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Horses Tested Positive for Equine Encephalitis


By Brandon Moseley
Alabama Political Reporter

Wednesday, August 12, Agriculture & Industries Commissioner John McMillan announces that two positive tests for Eastern Equine Encephalitis (EEE) have been recently reported by the department’s diagnostic laboratory located in Auburn. One sample was collected from a horse located in Dallas County and the other sample was collected from a horse in Mississippi.

Commissioner McMillan said, “This is the time of year that we are extremely vulnerable to the spread of mosquito-borne viruses and we need to protect our livestock and ourselves.  I want to encourage horse owners to vaccinate their horses for both EEE and West Nile Virus as soon as possible.”

According to information provided by the state Department of Agriculture and Industries, EEE is a mosquito-transmitted disease that is much more severe than West Nile Virus (WNV).  The mortality rate in horses from WNV is reported at around 30 percent, while the rate for EEE is almost 90 percent. Infected mosquitoes are the primary source for EEE. The virus causes inflammation or swelling of the brain and spinal cord.  In horses general symptoms include central nervous system signs such as: head pressing, convulsions, lack of response to facial stimulation, fever above 103 degrees, ataxia, paralysis, anorexia, depression and stupor.  Other symptoms may include irregular gait, teeth grinding, in-coordination, circling, and staggering.  All symptoms may not be exhibited by an infected horse.  EEE affects horses, donkeys and zebras.

Commissioner McMillan and State Veterinarian Dr. Tony Frazier are urging that horse owners vaccinate your horses every six months against both EEE and WNV.  Horse owners are encouraged to contact their local veterinarian to schedule a vaccination for their horses.  The public is also advised to make every effort to reduce human exposure to mosquitoes during this time of year.

According to the CDC humans can gets EEE from the bite of an effected mosquito. Human cases of the disease are very rare and are usually not severe. In those few cases that do become severe, mortality is approximately 33 percent. The disease is characterized by an inflammation of the brain(encephalitis) leading to headaches, fever, chills, and vomiting progressing to disorientation, seizures, coma, brain damage, and death. The CDC recommends using insect repellent, wearing protective clothing, and staying indoors while mosquitoes are most active.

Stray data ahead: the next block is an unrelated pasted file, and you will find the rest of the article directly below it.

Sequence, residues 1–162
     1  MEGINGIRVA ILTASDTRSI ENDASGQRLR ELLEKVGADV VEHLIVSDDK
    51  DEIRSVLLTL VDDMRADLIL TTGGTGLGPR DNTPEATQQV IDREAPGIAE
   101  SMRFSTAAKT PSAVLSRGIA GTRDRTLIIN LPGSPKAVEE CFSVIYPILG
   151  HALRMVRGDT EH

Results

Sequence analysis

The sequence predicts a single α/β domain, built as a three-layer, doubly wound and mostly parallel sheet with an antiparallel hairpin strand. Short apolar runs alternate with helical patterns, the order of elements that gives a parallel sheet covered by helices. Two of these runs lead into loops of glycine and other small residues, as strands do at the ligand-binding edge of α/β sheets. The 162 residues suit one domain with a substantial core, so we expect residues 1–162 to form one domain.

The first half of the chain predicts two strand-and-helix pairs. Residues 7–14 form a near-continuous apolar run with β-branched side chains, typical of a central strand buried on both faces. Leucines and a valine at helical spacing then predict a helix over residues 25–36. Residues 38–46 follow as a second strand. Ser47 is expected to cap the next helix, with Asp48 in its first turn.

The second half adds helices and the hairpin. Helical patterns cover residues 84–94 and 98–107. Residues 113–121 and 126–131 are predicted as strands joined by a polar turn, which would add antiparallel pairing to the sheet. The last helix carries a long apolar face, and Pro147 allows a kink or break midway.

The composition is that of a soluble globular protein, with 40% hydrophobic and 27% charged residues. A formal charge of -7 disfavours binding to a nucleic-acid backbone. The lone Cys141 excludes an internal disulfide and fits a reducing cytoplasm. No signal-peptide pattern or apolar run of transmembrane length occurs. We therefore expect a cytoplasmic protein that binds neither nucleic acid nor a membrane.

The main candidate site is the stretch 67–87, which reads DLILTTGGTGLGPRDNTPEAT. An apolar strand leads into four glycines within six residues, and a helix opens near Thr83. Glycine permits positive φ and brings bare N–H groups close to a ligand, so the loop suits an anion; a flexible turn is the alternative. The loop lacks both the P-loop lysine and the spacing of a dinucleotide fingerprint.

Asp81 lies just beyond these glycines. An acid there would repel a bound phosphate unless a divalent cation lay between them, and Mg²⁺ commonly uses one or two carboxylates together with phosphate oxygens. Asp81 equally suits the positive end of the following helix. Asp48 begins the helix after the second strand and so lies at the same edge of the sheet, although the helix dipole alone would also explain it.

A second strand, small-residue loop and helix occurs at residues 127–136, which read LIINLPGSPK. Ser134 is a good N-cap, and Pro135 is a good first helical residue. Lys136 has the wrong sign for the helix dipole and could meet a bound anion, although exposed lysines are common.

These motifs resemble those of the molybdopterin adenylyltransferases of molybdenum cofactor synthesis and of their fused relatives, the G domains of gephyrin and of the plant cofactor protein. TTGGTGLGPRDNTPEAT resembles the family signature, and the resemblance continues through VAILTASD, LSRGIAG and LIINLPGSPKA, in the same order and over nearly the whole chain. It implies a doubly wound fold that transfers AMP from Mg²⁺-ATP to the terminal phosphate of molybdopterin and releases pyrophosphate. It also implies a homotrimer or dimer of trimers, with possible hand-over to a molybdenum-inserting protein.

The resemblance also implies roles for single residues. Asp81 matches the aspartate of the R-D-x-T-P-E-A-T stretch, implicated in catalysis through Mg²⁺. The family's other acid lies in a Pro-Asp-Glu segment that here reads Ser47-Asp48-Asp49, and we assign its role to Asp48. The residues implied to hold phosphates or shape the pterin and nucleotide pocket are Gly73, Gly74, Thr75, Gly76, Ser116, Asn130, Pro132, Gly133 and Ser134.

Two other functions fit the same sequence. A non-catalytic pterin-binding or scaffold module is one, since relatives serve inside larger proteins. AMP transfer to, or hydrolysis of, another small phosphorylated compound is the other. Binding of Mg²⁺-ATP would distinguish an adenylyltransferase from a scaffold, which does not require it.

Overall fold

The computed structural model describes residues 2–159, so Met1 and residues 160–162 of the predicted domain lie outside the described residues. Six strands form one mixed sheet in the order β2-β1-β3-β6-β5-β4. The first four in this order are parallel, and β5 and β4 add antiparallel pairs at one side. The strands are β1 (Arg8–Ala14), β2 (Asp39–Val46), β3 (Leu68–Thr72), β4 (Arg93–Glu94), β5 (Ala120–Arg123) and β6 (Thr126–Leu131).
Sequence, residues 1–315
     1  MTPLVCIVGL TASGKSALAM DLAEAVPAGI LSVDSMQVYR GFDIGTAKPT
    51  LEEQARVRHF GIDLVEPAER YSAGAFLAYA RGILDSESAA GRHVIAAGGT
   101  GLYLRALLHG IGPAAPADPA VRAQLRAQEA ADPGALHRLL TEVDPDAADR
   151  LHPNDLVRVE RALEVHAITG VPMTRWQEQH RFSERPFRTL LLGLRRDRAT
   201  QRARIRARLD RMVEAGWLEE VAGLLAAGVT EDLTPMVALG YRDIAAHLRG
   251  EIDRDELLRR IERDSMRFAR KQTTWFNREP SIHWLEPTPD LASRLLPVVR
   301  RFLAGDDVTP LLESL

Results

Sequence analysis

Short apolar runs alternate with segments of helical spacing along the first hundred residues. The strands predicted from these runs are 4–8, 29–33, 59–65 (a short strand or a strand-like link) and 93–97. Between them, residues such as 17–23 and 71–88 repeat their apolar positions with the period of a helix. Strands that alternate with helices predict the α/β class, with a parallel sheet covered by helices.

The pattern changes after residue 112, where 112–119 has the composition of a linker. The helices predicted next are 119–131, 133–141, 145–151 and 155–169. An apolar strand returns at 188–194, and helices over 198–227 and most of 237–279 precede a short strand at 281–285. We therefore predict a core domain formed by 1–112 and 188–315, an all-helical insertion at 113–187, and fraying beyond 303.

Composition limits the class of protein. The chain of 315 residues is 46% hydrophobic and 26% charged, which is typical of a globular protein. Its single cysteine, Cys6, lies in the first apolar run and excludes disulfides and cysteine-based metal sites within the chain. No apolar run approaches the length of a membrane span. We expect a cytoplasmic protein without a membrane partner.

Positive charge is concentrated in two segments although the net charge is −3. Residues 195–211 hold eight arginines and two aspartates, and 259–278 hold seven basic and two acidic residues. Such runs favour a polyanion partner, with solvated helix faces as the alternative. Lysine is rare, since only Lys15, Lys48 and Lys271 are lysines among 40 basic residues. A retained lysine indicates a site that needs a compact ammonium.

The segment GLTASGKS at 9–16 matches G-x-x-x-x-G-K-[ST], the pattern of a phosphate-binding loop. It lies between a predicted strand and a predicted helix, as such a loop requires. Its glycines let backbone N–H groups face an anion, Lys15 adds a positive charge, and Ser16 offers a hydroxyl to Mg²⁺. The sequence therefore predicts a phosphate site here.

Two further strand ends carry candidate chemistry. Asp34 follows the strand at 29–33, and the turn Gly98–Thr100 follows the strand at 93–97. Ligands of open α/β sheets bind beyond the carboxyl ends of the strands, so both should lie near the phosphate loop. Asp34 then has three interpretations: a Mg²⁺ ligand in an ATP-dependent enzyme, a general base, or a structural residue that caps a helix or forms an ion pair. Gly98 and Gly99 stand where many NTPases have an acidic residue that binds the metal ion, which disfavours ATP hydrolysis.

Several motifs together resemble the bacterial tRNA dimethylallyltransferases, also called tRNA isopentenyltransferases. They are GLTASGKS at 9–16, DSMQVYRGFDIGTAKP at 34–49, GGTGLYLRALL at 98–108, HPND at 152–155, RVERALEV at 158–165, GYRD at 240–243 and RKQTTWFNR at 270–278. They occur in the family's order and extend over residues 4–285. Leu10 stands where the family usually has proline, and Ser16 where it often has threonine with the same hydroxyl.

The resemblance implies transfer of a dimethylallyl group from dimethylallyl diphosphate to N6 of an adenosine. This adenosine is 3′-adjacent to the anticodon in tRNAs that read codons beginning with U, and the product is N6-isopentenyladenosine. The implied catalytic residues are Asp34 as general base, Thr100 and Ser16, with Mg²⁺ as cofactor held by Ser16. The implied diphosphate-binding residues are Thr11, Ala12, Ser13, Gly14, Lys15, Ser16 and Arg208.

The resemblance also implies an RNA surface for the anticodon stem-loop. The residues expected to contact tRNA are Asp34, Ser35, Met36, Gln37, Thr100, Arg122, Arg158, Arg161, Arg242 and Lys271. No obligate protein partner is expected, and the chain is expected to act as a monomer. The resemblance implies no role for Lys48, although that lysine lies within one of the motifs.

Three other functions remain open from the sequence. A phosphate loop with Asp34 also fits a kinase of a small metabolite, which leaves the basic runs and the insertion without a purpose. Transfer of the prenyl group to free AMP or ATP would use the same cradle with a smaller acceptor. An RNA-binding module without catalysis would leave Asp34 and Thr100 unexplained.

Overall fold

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Healthy adults who become infected by the virus may experience flu-like symptoms such as high fevers and headaches. The young, the elderly, and people with weakened immune systems can become severely ill or die from this disease.

80 percent of people infected with West Nile Virus show no symptoms. In 20 percent of infected people the illness causes fever, headaches, body aches, vomiting, and can cause swollen lymph glands and a skin rash. The illness may last for a few days or a few weeks. In a small percentage of infected people severe symptoms can develop.  Severe symptoms can include “high fever, headache, neck stiffness, stupor, disorientation, coma, tremors, convulsions, muscle weakness, vision loss, numbness and paralysis. These symptoms may last several weeks, and neurological effects may be permanent.”

The CDC advises that the best prevention is avoiding mosquito bites.  The CDC also advises that you do not handle dead birds. Call your health department if you encounter bird carcasses.

For more information about EEE or WNV, please contact Dr. Tony Frazier at 334-240-7253.  For more information on public health mosquito surveillance and control programs, contact the Alabama Department of Public Health, Division of Epidemiology at 800-677-0939.


Brandon Moseley is a former reporter at the Alabama Political Reporter.

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